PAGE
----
South Bank Book Market is one of London’s best kept secrets. The market is open daily till around 7pm and can be found under Waterloo Bridge in front of BFI Southbank. There are always plenty of bargains to be found and the market traders are book specialists, so do ask if you are looking for something in particular.

In the background – The Palace of Westminster, also known as the Houses of Parliament or Westminster Palace, is the meeting place of the two houses of the Parliament of the United Kingdom—the House of Lords and the House of Commons. The Clock Tower is the world’s largest four-faced, chiming clock. The structure is situated at the north-eastern end of the Houses of Parliament building and is often referred to as “Big Ben” — which is actually the main bell housed within the Clock Tower.

Also seen is the Red AEC Routemaster, a model of double-decker bus that was built by Associated Equipment Company in 1954. Primarily front-engined, rear open platform buses, a small number of variants were produced with doors and/or front entrances. Introduced by London Transport in 1956, the Routemaster saw continuous service in London until 2005, and currently remains on two heritage routes in central London.

West End theatre district – London’s Broadway covers everything that smacks of theater and performance is here including concerts, sporting events, musicals and stage performances. We watched Chicago the musical at Cambridge Theatre London. The Cambridge Theatre opened on the 4th of September 1930 with a Review called Charlot’s Masquerade by Ronald Jeans. The Theatre was designed by Wimperis, Simpson and Guthrie and built by Gee. Walker Slater Ltd with an auditorium on three levels and a capacity of 1,275.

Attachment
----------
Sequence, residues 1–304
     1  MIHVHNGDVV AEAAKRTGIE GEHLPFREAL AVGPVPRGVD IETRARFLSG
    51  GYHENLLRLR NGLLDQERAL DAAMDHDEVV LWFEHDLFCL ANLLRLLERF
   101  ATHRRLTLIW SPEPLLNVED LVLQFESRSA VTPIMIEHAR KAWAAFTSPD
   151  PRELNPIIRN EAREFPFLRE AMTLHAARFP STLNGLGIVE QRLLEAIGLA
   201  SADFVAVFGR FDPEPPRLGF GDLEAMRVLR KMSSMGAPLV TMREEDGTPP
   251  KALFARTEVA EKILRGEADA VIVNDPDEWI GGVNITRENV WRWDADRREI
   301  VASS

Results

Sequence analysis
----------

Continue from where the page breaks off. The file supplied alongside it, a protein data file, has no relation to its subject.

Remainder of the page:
Chicago is the kiss-and-tell tale of Roxie Hart, a chorus girl who kills her lover as a career move; Billy Flynn, a sharp lawyer who turns Roxie into a celebrity; and Velma Kelly, a dancing jailbird with an ear for headlines and an eye for talent. Chicago, winner of six 1997 Tony Awards, including Best Musical Revival, is a loving look back at vaudeville, a timely satire of the justice system, and a reminder of what great theater can be.

Chinatown is an integral part of London’s history – haunt of Boswell and Reynolds, birthplace of the post office, first site of Ronnie Scott’s, host to immigrant communities from the Huguenots to the Maltese and now London’s vibrant Chinese quarter. The bustling Chinese community of restaurants and businesses has been here since the 1950s. However, the Chinatown story goes much further back – right across London and all the way to the Far East.